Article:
Static constructors and ASP.NET applications

A few days ago I was running into an issue with a static class in an ASP.NET application. The issue (I thought) was that the static constructor was not being fired. It turns out the static constructor was being fired as it should but not as often as I thought it would be.

Static constructs are fired once per App Domain.

In a Windows application this means that the constructor is fired once every time I launch the application and access the static class. If I close the application, run it again, and hit the static class the constructor will be fired again.

In a Web application that is also the case, but that does not translate to every time I close and re-open the browser. Closing the browser and re-launching it does not terminate the application and re-launches it.

Here is a simplified example of the scenario that I ran into, notice the _count = 0 in the constructor:

public static class StaticClass 
{ 
    static int _count; 
    static StaticClass() 
    { 
        _count = 0; 
    } 
    public static int Count 
    { 
        get 
        { 
            _count++; 
            return _count; 
        } 
    } 
} 

public partial class _Default : System.Web.UI.Page 
{ 
    protected void Page_Load(object sender, EventArgs e) 
    { 
        // print the count 
        lblText.Text = string.Format("Count={0}""", StaticClass.Count); 
    } 
}

The very first time I run this code the count prints 1. If I refresh the page it prints 2. If I close the browser and run the application again, what would you expect it would print?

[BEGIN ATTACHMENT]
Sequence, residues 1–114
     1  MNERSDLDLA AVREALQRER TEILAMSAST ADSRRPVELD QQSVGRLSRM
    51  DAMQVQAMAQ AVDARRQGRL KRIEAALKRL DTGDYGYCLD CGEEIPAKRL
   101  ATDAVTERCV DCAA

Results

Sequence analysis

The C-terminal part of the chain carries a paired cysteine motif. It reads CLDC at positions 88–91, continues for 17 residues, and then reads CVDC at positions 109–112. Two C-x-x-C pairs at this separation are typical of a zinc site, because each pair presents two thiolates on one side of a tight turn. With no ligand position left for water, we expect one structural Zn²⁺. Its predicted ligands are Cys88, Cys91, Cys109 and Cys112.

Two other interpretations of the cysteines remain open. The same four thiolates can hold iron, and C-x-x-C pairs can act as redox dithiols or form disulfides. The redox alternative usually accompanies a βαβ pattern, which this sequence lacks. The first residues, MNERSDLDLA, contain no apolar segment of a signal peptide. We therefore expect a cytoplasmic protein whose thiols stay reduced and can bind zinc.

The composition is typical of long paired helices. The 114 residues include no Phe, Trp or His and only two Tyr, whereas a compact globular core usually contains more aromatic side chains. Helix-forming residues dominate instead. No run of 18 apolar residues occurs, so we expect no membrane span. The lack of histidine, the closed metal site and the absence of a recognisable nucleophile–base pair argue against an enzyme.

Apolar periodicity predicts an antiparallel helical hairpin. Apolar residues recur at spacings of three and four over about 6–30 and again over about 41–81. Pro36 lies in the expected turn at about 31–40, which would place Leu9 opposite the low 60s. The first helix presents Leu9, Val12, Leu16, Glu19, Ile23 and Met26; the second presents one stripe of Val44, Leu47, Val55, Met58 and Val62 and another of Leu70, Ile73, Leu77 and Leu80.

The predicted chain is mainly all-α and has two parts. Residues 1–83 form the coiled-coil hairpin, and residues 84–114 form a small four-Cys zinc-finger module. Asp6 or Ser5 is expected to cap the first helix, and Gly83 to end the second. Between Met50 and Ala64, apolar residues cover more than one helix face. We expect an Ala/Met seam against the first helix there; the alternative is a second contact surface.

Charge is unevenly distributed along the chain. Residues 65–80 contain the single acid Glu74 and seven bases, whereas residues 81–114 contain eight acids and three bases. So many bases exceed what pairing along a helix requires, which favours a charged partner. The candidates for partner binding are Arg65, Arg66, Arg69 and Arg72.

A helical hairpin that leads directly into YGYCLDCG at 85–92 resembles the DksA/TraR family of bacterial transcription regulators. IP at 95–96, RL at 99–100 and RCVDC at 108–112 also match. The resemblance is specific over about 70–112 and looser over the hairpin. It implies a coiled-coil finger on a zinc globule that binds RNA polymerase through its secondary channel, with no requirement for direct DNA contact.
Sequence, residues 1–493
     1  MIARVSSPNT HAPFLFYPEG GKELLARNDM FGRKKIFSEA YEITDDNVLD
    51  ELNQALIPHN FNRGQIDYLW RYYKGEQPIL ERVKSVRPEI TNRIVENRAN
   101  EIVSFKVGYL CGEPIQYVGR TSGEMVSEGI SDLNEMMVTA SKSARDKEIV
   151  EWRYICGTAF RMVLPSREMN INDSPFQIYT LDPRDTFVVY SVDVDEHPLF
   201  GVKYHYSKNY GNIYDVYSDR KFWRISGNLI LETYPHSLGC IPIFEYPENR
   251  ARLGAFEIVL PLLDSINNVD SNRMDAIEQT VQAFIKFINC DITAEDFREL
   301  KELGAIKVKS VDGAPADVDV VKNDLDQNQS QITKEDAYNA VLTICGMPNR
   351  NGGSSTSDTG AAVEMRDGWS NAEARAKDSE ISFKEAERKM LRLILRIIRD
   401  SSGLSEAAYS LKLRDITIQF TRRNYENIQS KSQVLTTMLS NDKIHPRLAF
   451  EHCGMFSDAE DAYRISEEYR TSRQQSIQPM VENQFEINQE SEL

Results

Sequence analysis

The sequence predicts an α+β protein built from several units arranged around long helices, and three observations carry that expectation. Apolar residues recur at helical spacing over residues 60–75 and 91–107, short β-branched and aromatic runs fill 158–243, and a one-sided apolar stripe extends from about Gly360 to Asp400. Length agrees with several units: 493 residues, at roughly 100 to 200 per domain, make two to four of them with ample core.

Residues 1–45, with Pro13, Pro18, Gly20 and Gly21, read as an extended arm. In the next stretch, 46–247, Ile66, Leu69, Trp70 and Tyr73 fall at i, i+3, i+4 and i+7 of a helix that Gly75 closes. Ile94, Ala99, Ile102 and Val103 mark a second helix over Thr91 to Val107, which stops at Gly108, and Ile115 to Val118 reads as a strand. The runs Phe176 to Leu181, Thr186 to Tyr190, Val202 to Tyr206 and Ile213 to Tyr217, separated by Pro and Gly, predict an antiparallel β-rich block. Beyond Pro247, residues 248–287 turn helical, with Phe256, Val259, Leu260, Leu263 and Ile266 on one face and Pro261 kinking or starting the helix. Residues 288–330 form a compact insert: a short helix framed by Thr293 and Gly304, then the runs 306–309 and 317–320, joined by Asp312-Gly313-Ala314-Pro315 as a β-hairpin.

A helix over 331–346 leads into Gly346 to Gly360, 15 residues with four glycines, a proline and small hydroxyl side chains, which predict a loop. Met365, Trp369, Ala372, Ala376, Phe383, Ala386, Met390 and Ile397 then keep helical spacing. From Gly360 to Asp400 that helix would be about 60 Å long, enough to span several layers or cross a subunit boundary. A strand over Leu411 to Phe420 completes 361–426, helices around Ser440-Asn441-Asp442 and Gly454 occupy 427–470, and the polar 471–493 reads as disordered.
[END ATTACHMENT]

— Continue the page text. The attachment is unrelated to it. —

If you guessed 1 you guessed wrong (like I did.) It will print 3.

Closing the browser does not get rid of the static class since apparently the App Domain still is running under IIS. If you really want to force the constructor of the static class to be fired (and in this case reset the counter to 0) you need to kill the worker process in IIS (e.g. run iisreset)

In hindsight this is obvious and, as one of my co-workers pointed out, we are lucky ASP.NET apps work like that! It would suck big time if I every time a user closed their browser the application would be closed as well and the next user will need to pay the load time.

The moral of the story is keep in mind that you don't have much control on when the static constructor will be fired in an ASP.NET application. You have the guarantee that it will be fired the very first time the class is accessed in the application domain. This includes the very first time the class is accessed after the app is loaded into IIS, but it also means that if the worker process is recycled (and your app domain goes away with it,) the static constructor will be fired (again) the next time the class is hit when a new user visits your site. This is all good and the desired effect, but just keep it in mind.

Blog posted on: 2008-09-11 01:25:30 +0000 UTC